Northern Ireland house prices buck UK trend with a fall of 10.3%
House prices in Northern Ireland have dropped by 10.3% in the past year — with the average property now sitting at £132,000.
That’s according to the latest figures from the Office for National Statistics (ONS), which has found a north/south divide across the UK.
Its survey showed that prices have risen in England and Wales over the last year but have fallen in Scotland and Northern Ireland.
Overall across the UK, house prices increased by 2.3% in the 12 months to May, reaching £228,000 on average.
ONS said a patchy market remained in evidence as prices slumped in Northern Ireland by 10.3% year-on-year to reach £132,000, and dipped by 1% in Scotland to average £177,000.
It put the recent trend of sharp decline here down to an on-going ‘normalisation’ of the market following the property boom.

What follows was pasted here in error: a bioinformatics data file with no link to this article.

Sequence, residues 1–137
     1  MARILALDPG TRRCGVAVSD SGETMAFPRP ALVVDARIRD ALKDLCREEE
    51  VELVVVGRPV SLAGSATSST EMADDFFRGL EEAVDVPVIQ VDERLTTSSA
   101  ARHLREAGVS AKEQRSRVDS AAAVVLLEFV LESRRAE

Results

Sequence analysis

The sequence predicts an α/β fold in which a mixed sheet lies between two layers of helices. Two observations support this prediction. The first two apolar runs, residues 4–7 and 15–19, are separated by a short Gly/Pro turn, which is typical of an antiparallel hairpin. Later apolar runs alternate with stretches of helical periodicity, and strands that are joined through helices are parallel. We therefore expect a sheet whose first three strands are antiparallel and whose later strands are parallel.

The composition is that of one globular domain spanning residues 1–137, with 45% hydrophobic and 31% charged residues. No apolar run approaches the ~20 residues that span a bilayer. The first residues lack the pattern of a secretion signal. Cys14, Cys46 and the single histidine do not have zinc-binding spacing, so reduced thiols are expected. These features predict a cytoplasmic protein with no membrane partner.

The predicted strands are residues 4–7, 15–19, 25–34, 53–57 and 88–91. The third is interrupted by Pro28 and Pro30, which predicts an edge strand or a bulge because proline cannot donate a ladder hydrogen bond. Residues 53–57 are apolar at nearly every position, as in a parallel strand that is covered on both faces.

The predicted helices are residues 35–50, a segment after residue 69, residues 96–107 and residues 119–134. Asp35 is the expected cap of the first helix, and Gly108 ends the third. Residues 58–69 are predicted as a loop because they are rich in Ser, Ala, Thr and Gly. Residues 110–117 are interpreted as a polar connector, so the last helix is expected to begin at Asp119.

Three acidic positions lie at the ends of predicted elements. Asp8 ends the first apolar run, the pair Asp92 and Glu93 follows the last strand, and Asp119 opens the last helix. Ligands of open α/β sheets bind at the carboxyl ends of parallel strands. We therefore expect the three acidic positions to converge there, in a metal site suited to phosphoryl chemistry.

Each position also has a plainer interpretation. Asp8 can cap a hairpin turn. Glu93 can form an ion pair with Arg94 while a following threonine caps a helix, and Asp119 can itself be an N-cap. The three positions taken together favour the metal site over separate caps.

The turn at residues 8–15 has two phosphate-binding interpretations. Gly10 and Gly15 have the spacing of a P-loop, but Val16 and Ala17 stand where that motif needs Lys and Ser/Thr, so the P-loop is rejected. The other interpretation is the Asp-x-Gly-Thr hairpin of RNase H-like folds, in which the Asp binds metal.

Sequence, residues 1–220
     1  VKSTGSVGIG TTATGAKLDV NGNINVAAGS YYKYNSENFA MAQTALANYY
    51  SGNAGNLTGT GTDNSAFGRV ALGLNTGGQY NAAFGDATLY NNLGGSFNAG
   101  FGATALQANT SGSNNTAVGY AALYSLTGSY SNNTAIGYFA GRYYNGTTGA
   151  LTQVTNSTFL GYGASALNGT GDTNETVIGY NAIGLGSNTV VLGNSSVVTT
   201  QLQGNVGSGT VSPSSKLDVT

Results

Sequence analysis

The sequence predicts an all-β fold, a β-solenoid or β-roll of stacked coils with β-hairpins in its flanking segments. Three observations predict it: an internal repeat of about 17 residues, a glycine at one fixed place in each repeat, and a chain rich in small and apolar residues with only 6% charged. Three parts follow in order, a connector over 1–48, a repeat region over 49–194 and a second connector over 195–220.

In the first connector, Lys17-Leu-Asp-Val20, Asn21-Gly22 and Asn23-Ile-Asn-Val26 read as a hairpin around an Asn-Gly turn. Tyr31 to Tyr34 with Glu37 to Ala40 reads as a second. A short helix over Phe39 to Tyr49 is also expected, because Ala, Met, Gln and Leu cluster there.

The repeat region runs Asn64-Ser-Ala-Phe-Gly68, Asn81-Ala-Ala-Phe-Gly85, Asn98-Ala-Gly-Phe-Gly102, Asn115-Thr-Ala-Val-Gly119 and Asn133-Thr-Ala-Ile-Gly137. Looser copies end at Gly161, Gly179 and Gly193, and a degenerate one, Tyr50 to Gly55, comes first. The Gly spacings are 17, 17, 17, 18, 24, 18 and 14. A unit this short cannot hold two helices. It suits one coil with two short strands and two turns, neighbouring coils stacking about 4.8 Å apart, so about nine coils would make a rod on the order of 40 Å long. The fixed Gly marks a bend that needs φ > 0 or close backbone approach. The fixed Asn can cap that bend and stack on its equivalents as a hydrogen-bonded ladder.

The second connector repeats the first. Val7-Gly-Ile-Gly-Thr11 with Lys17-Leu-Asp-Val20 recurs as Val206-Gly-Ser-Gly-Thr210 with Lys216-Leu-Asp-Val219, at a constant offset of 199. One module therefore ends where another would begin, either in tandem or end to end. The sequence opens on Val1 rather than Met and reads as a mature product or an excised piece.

Wales recorded the biggest year-on-year increase of the UK countries, with a 3.5% rise to reach £154,000, while there was a 2.6% rise across England, where typical sales stood at £237,000.
ONS stressed that if London and the South East were stripped from the overall UK figures, the typical price would be £183,000.
Beneath the surface, much of the increase was driven by a 7.2% rise in London — the biggest rise seen by the capital since November 2010.
Analysts said ultimately prices in the south of the UK are likely to be dragged down as well as those in the north as the economy remains weak.
Ed Stansfield, chief property economist at Capital Economics, said that as well as levels of buyer demand having a strong bearing on the housing market, prices in the north have fared comparatively badly recently as they had previously risen too far relative to prices in the south.